Gmail: A Slightly Different Way to Look at Email

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Through a series of implausible connections – and without trying to tap any analyst favors, I managed to snag one of the coveted Gmail accounts that people are apparently willing to go to great lengths to obtain. And with all the hype, my initial experience was decidedly underwhelming. True, a gig of email space is nice to have, particularly when passing around photos and the like, but apart from that it seemed, well, a lot like the other webmail applications such as Hotmail or Yahoo Mail.

But after using it a bit more, differences began to emerge. The interface, for one, is highly responsive and dynamic. The type of response all web applications should shoot for. Clicking an email gives a near instantaneous response time – search, as should be expected from the firm who’s name has entered the lexicon as synonymous with search, is likewise. Even over dialup the response is excellent. How much of this is due to the design versus how much is due to the fact that there are not monumental loads on the server given the limited beta remains to be seen.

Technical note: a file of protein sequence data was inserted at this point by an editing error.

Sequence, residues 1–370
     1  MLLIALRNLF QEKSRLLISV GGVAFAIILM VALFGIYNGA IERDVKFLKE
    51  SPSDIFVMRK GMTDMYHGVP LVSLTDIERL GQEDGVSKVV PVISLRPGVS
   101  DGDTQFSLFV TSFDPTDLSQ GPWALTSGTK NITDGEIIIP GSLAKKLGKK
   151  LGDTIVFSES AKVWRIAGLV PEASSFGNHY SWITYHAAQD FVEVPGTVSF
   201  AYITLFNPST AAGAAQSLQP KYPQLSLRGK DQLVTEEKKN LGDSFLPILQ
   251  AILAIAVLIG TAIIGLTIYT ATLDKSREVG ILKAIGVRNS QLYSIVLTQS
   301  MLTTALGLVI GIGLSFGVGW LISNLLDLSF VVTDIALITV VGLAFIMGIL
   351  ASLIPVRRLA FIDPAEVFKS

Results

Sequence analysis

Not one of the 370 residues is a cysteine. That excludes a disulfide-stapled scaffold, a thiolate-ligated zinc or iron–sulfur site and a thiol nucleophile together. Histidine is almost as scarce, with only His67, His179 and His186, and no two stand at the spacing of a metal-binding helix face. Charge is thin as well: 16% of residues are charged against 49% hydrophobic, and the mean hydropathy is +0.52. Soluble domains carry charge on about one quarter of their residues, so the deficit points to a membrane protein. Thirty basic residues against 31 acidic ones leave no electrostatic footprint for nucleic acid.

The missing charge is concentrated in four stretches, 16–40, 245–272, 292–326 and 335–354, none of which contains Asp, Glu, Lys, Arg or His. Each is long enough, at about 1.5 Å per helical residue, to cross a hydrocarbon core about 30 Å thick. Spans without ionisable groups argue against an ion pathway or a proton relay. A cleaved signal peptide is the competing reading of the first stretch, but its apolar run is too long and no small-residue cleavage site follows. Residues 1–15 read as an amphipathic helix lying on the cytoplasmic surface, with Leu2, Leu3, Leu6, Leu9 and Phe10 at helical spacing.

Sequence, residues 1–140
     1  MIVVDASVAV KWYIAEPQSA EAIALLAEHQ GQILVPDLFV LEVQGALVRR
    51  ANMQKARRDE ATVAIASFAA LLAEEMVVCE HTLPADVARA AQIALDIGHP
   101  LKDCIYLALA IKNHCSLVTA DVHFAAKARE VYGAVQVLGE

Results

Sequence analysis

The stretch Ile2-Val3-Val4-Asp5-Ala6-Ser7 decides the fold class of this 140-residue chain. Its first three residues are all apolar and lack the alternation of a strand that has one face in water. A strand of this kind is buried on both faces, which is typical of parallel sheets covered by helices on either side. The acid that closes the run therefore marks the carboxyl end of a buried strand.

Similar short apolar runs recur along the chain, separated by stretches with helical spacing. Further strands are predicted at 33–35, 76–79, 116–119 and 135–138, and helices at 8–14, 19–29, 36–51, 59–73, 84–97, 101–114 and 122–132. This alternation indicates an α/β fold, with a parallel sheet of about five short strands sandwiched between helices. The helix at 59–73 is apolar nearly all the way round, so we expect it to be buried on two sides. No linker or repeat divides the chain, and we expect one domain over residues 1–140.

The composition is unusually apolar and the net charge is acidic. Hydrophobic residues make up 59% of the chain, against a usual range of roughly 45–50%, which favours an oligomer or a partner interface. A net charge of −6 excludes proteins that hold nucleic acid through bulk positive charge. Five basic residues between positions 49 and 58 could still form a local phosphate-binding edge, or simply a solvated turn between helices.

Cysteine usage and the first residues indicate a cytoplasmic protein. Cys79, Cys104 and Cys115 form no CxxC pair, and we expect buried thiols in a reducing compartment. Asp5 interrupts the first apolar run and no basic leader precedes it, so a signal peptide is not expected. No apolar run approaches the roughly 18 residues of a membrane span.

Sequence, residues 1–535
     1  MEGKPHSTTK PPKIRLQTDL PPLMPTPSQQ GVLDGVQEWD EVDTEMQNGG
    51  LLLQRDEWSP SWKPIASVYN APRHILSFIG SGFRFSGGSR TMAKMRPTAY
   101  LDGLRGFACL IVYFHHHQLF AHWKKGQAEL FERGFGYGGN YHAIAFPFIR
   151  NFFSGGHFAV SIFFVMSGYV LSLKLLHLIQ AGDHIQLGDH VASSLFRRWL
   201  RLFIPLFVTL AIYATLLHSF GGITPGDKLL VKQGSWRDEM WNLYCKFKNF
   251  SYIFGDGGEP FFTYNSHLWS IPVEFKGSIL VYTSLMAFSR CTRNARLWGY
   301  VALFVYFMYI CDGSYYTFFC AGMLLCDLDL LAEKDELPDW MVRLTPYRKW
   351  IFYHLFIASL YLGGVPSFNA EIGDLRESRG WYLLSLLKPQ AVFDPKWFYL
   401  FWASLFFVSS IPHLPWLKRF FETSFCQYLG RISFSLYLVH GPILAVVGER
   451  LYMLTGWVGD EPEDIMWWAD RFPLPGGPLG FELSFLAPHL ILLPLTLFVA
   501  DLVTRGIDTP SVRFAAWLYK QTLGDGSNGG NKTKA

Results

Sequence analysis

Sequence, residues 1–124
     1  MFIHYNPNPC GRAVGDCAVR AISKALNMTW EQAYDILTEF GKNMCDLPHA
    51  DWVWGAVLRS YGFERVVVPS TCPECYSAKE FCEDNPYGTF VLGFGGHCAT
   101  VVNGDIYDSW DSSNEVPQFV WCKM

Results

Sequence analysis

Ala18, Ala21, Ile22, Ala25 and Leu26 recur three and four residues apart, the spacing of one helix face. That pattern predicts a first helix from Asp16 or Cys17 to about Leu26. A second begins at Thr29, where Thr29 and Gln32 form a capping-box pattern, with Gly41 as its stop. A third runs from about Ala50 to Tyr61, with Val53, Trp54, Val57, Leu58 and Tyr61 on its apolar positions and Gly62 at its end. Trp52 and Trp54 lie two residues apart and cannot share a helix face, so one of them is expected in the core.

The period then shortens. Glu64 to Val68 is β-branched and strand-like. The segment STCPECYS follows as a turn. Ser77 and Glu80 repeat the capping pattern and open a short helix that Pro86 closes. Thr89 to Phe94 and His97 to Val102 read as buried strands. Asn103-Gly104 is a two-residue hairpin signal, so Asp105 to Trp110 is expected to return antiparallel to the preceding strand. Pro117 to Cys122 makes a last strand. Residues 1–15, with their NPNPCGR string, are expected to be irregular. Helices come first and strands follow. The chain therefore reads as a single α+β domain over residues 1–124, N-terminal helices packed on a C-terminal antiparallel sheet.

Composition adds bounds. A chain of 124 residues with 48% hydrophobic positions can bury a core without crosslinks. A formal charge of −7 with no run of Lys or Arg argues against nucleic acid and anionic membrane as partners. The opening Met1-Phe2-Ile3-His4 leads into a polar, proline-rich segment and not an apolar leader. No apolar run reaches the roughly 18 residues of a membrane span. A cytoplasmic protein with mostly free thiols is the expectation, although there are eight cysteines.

It also offers shortcut keys – which work cross-browser, notably – for create an email, open an email, etc. Great for power users.

Google is also attempting to put forth the notion of email as a conversation rather than a message. It’s tough to describe, but rather than arrange incoming emails in linear fashion, message by message, they’re grouped in conversations. So an email to contact, their reply, and my reply to their reply are all grouped together. It’s a bit different user experience, but over time one that I think will be appreciated.

As for the most controversial feature – the scanning of your email for ad purposes – I’ve barely even noticed it. So far it’s amounted to things like pulling Boulder, CO out of a friend’s email signature and presenting me with Boulder real estate ads – which I am by now thoroughly trained to ignore. I would be more concerned, but for no good reasons I tend to trust Google. I’ll be watching it closely for signs of evil – as no doubt organizations like the EFF and The Privacy Place (disclaimer: I’m on the advisory board) will be – but for now, I’m not too worried.

All in all, an interesting experience and my new free email provider of choice. On the wishlist – mobile email access, and POP box options, even if just to export.

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